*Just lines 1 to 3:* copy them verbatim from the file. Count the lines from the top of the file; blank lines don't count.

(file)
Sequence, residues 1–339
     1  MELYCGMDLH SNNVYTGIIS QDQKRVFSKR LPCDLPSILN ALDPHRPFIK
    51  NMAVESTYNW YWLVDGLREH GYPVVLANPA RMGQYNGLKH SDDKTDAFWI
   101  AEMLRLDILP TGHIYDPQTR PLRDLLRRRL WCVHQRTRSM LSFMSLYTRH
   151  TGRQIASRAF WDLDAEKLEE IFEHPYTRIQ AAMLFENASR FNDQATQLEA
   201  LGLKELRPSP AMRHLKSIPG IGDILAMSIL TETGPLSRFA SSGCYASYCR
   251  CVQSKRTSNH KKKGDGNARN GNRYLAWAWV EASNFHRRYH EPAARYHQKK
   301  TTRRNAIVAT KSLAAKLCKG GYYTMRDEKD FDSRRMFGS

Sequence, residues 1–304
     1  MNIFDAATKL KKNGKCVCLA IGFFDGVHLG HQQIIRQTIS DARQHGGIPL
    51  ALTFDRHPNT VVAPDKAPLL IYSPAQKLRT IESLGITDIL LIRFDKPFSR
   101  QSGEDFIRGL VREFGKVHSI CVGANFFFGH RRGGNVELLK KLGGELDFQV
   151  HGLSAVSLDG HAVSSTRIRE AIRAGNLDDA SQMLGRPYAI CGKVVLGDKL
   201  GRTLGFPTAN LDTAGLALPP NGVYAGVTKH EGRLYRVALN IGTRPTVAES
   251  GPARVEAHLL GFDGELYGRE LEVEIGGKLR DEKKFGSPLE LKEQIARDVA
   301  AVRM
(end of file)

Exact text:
Sequence, residues 1–339
     1  MELYCGMDLH SNNVYTGIIS QDQKRVFSKR LPCDLPSILN ALDPHRPFIK
    51  NMAVESTYNW YWLVDGLREH GYPVVLANPA RMGQYNGLKH SDDKTDAFWI